Archive for May, 2019

Dancing With Denial: Abortion Rights Advocates Want You To Share Your Abortion Story

Thursday, May 30th, 2019

The following interview is fascinating and revealing on a number of levels.  The format of this exchange is unique; a woman who had an abortion interviews her partner, the father of the aborted baby.

 [Whatever your perspective on abortion, before going any further, read the exchange between this couple who remain together after the procedure.]

Now that you have read Natalie and Rob’s dialogue, let’s dig deeper into their story. 

Natalie shared:

I found out I was five weeks pregnant eight weeks into our relationship. When I told Rob, he told me he loved me. But he didn’t want to have a child, and terminating the pregnancy was a clear decision for him. It wasn’t clear for me, and I’d be lying if I said I didn’t feel disappointed

Based on listening to the stories of thousands of women and men after abortion recovery, if Natalie’s heart was given the opportunity to more honestly share, she would say something like this;

“Rob loves me, but with limits.  He could not accept the gift, the fruit of our love, our developing child.  I am disappointed and heart-broken that I had to sacrifice our son or daughter because he was clearly not interested in supporting me in this pregnancy.  I sacrificed my child for him and for our relationship.” 

Denial as Empowerment

To preserve the relationship, to place a protective wall around the deeper emotional and spiritual wounds that are a natural part of “terminating” a pregnancy, the couple must look at the timing, practical reasons why abortion was the only sensible solution.  

Next Natalie shares why telling your story in the context of this denial is so important to the pro abortion movement – because your grief and loss are transformed into…empowerment

Natalie: I feel empowered and outspoken about abortion as an issue; experiencing it instilled an urgency in me. Rob has slowly started speaking about it, too. Most days I’m proud of us and hopeful for our future.

Natalie and Rob can bypass any feelings of grief, loss, and a natural sense of shame that arise from participating in the death of one’s unborn son or daughter, and channel that powerful emotional energy into promoting abortion rights.    

They mention the Georgia pro-life legislation and how this is such a threat to “abortion rights.” But the real threat is how such legislation crashes against the walls of their denial.

 If abortion was not an option for the couple, or they were delayed in access to the procedure because of abortion restrictions, they would likely have a living son or daughter blessing their lives.   

Despite this denial, it does not prevent the couple from going deeper, and getting closer to the truth, as you can see in this exchange:

Rob:   When I told you I was pregnant…I jumped to that solution without knowing fully that’s what I wanted. Part of me wishes I didn’t so we could have had a more open conversation. Was it always the decision in your mind?

Natalie: … Maybe more time would have changed that, but it was still early in our relationship and that was difficult to think about.

Rob: I feel like the decision wasn’t fully made until you walked inside the doors, and even then it wasn’t fully clear, it could have gone either way. But I don’t remember having second thoughts. But that might have changed if we waited a couple of weeks.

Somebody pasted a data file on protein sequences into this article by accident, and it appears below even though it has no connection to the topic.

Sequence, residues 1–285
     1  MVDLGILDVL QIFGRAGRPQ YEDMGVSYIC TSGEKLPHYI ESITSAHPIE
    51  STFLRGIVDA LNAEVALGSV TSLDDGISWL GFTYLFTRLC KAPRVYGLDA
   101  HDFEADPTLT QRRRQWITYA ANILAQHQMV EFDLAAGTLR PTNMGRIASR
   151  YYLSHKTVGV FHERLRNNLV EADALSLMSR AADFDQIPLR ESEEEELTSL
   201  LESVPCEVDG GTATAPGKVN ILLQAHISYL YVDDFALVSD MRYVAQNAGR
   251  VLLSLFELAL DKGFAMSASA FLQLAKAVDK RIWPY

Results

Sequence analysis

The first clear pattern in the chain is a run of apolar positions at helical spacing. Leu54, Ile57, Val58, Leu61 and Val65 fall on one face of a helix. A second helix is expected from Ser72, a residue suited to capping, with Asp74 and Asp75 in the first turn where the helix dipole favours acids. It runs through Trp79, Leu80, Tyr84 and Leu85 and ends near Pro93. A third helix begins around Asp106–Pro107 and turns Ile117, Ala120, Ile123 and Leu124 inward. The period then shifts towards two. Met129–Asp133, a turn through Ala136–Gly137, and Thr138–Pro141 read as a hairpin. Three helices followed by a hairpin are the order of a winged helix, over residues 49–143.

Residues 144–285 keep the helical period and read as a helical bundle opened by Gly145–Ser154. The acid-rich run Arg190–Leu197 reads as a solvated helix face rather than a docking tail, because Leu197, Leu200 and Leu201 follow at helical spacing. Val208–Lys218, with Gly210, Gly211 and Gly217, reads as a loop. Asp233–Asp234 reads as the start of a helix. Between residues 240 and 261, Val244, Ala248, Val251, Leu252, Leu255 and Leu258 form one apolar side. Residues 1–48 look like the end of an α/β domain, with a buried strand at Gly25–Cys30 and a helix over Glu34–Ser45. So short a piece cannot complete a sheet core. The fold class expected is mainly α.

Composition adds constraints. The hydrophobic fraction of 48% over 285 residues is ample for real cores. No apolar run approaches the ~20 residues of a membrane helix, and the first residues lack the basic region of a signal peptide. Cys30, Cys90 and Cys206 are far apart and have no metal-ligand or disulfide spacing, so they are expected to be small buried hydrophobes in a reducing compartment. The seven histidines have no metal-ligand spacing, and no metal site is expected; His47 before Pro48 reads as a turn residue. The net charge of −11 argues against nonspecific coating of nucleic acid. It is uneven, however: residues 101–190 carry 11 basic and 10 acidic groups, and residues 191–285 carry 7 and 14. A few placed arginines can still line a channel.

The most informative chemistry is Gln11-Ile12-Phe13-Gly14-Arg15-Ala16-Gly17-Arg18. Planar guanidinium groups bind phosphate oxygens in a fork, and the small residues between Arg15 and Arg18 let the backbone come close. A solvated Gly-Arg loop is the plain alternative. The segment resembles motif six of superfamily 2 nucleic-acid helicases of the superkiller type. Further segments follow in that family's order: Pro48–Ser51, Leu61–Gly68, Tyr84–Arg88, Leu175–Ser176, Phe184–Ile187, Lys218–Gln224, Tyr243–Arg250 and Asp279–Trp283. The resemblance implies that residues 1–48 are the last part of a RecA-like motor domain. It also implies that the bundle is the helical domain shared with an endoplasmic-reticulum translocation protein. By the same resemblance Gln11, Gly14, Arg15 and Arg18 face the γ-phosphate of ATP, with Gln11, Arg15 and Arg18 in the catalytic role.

Natalie: Would you have been disappointed if I walked out and hadn’t gone through with it?
Rob: …Yeah. But we would have had more time to talk about it.

Natalie: Do you think we should have taken more time?
Rob: Yeah, maybe.

This exchange reveals how this couple must dance around their deeper feelings and regret so as to protect one another’s feelings.  Yet even as they shield each other from facing the full horror of acknowledging that they sacrificed the life of their baby, they are able to express that regret in the context of time.

If they had more time, they would have likely decided against abortion.  Natalie would be holding her little boy or girl in her arms, kissing and loving the child.  Rob, despite his initial tragic response to his partner’s pregnancy, comes across as a decent and caring young man.  He likely would have risen above his anxiety and embraced fatherhood with love and joy in his first child. 

Something I need to Talk About

What has happened that led Rob to share publicly about something that is usually kept a closely guarded secret?

Rob: I think just time passing, being able to look back, coming to terms with it. Given what’s happening right now it feels like it is something I need to talk about, especially with other men.

The reason Rob needs to talk about it and seek out others who understand this loss, is because he suffered an emotionally traumatic event.  He directly participated in the death of his unborn son or daughter.  It is natural that he needs to talk about it.  This is an important part of the recovery from such a loss.

But sadly, he is telling his story within the restrictions and boundaries that are necessary to promote abortion rights.  This will provide some relief of the painful feelings associated with that event, and let off a bit of steam. 

Yet, Rob shares, “I think about it every day.” 

Why does he think about “it” every day? 

Because, “it”, must be given a name.

 There is a tiny voice crying out to a father’s heart; a child that still lives in the Lord and desires their father and mother to find reconciliation and healing of this loss.  A son or daughter that hungers to be acknowledged, grieved and reconciled in love with their parents.    

Rob and Natalie have honestly shared their abortion story, yet within the confines of pro-abortion ideology.  Yet there is likely more to this story than they can share at this time.

 Has their emotional and sexual intimacy changed since that abortion event? Abortion loss takes place in the context of their shared love, and mutual giving of their bodies, hearts and souls in their sexual relationship.  It would be natural that feelings about this loss, about the child they rejected, would come to the surface at times of such intimacy.

Over time, they may find themselves working too much, drinking too much, and perhaps viewing pornography.  Anger may become an outlet for the deeper grief they share.